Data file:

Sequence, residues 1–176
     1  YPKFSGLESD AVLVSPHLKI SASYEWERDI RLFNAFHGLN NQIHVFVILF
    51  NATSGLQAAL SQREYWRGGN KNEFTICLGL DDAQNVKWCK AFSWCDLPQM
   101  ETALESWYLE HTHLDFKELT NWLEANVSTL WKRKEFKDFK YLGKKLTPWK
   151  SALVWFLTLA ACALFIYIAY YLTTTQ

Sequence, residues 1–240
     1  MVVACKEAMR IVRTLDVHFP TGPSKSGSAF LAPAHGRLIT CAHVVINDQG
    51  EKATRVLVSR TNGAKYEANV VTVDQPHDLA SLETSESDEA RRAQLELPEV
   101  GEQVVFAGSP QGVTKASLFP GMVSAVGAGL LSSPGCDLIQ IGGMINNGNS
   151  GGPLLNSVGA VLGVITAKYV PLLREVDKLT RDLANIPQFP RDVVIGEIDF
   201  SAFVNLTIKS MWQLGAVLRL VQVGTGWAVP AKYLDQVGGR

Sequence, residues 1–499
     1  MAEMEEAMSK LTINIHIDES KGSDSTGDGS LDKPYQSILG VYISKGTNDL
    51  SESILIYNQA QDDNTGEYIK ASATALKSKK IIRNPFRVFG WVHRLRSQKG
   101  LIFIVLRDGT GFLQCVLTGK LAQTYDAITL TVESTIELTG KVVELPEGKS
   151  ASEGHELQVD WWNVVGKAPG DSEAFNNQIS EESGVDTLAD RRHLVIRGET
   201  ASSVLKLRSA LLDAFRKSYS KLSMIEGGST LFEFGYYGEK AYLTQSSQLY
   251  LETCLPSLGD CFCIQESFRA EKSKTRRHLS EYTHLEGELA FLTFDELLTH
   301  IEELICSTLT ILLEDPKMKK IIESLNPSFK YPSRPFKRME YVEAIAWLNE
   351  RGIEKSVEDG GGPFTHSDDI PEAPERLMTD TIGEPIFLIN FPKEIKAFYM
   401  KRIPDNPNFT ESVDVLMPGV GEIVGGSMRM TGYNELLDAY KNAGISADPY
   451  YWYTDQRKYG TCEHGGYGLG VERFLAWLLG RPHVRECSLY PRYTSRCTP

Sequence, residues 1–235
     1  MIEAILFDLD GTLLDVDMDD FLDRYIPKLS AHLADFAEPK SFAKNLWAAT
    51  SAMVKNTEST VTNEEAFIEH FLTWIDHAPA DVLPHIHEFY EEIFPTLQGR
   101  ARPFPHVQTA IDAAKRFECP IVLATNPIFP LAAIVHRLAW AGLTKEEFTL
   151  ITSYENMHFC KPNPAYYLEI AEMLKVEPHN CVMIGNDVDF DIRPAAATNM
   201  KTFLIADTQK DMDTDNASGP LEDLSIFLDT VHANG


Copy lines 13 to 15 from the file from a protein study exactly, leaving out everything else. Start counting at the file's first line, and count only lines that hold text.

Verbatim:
     1  MAEMEEAMSK LTINIHIDES KGSDSTGDGS LDKPYQSILG VYISKGTNDL
    51  SESILIYNQA QDDNTGEYIK ASATALKSKK IIRNPFRVFG WVHRLRSQKG
   101  LIFIVLRDGT GFLQCVLTGK LAQTYDAITL TVESTIELTG KVVELPEGKS